RADAR history, Birth of RADAR, Watson Watt, Arnold Wilkins, Daventry Experiment, WW2 RADAR, Lichborough, RADAR Memorial, Daventry Experiment, 75th Anniversary

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75th Anniversary of the Birth of RADAR - 26th February 2010

A short report of the day

On 26 February 1935 a radio receiver was taken, in a small van, to a field just south of Weedon, in fact Litchborough.To try to detect a Handley Page Heyford bomber. The bomber had been directed to fly through short-wave (49 metre) transmissions from the nearby Daventry radio transmitter. The Heyford was detected by the equipment in the vehicle & was tracked for some 9 miles. At the time known as RDF this was the 'Birth of RADAR'.
Heyford Bomber  Image of Heyford Bomber released from Crown Copyright  The Heyford was K6902 flown by Flight Lieutenant R. S. Blucke

KX 50 Flatnose Morris with Eccles Caravan body. Mobile lab.

75 years the experiment was re-enacted in the field opposite on the site of the Birth of RADAR Memorial.

A team comprising radio amateurs from the Coventry Amateur Radio Society & The Northampton Radio Club with many other people including the pilots of the aircraft who are all radio amateurs were successful in the re creation of the experiment. The independent witnesses included the farmer Helen Brodie and local villagers who gave a round of applause as the trace on the oscilloscope moved due to the reflections of the 2 metre signal from GB75RDF at Daventry. It is by the good grace of Helen (The Farmer) that we able to use the field. Her immediate reaction was to tell me, that her father, who owned the land 1935 always thought "It was great honour that this took place on my land".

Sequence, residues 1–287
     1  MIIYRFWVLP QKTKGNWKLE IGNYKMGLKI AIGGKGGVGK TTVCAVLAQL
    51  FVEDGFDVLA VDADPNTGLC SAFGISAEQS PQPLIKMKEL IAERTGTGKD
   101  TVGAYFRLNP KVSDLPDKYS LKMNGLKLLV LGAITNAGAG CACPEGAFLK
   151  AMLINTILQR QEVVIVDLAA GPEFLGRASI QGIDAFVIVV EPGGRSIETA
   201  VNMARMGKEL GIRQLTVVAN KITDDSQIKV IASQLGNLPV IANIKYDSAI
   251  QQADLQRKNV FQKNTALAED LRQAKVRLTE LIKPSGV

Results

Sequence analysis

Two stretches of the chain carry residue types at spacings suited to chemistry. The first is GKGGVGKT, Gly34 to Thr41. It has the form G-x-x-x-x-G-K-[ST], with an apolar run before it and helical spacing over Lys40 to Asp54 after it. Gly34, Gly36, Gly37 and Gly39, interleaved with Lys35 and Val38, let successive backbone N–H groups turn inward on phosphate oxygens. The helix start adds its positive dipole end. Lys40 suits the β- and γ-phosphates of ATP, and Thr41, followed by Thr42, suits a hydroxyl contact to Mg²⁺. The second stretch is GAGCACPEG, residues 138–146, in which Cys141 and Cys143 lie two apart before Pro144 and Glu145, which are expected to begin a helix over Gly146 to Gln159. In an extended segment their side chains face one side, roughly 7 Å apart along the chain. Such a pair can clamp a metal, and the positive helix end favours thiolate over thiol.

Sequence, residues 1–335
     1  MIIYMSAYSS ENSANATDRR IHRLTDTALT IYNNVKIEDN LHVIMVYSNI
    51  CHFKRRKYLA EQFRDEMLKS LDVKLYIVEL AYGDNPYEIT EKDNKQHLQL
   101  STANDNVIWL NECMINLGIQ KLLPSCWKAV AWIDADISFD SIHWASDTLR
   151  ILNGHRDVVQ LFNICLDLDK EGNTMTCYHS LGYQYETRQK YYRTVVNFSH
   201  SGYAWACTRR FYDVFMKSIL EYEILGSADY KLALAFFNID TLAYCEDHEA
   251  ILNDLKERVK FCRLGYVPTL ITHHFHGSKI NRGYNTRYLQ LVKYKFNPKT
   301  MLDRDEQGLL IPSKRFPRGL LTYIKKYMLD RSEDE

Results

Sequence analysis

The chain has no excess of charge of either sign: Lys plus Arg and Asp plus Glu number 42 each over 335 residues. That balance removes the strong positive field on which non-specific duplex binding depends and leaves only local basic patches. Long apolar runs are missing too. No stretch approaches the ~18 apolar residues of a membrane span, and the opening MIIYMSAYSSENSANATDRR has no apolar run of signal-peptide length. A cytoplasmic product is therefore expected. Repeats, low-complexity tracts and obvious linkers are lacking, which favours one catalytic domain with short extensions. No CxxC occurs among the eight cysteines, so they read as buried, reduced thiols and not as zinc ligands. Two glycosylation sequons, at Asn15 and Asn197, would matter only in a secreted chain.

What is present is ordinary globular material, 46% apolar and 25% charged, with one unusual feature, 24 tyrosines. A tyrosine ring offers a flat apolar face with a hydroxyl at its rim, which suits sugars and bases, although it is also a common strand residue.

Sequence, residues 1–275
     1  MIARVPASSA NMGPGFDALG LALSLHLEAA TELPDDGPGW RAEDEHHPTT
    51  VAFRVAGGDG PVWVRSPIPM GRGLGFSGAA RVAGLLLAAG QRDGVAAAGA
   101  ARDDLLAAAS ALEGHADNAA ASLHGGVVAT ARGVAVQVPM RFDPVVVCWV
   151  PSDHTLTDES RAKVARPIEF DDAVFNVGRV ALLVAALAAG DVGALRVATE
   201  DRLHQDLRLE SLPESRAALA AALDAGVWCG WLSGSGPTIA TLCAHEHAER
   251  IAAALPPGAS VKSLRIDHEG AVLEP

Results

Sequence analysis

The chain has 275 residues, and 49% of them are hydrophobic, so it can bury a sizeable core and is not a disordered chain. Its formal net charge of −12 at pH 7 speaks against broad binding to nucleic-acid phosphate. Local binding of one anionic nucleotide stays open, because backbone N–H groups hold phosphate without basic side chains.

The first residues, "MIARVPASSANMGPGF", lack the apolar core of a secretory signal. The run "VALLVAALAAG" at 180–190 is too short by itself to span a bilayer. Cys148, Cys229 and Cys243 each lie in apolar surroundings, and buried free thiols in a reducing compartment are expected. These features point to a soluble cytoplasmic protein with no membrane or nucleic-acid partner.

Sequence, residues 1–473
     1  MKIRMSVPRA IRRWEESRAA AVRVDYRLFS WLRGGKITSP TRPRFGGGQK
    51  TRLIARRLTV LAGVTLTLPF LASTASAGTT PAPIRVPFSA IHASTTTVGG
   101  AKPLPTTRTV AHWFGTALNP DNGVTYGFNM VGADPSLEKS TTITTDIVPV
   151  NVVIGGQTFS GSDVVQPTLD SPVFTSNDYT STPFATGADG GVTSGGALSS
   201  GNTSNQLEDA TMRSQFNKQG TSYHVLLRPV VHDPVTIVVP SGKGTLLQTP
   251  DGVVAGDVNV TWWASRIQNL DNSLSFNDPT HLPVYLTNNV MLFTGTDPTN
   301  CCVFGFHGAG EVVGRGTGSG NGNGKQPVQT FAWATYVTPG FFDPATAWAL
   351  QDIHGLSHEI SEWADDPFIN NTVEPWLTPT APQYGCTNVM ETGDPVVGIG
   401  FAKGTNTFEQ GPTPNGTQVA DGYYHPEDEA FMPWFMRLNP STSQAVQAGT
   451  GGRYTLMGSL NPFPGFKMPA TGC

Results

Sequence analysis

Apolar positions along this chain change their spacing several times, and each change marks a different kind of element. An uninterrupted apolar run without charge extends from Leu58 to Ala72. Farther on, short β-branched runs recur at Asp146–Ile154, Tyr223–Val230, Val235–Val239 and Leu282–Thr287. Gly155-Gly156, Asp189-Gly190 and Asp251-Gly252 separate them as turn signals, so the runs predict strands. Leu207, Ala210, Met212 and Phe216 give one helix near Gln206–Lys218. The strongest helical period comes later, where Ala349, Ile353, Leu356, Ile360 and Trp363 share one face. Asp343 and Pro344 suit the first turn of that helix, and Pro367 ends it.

Image by Nigel M0GWK

"Daventry Calling this is Daventry Calling"
This was the world famous BBC signature announcement of Empire Radio and World Service Broadcasts.

On the 26th February 1935 The BBC Empire Service was the a tool of Robert Watson Watt & Arnold Wilkins. Using the the 10Kw 49 Metre shortwave transmission from Borough Hill Daventry. The signal used to 'illuminate' the Heyford bomber in order to discover the signal bounced from it in their mobile laboratory (van) at Litchborough.
Our thanks to Arqiva for allowing access to the site & for the hospitality before & during the event

People gathering around the vehicle just prior to the successful re-creation of the 1935 Daventry experiment at 12 Noon 26th February 2010

The Birth of RADAR Memorial Stone, with the replica vehicle & replica receiving antennas in the background. Note the pool of water in the bottom left. The field was very wet as indeed the field opposite was, reportedly the original vehicle did get stuck, we managed on the day with many pushing. We are most grateful to David Hooper for coming with his vehicle for the day.

Peter Grace giving his talk on RADAR history especially the Chain Home RADAR system, one of the highlights of the day. G1ORG was Tango 'd, not glowing due to radiation. It is thanks to Dave & the scouting movement that we had the superb tentage far this event.

Model Chain Home Station with Watson Watt
miniature statue in the foreground

A close up of the Sir Robert Watson - Watt miniature statue,
The full size version to be placed in his home town of Brechin by the Sir Robert - Watson Watt Society.

So how did we do it?   We copied the original principal. A signal on 2 metres transmitted from Daventry, received with a directional phased array built by SWL Howard (Now 2E0HOW).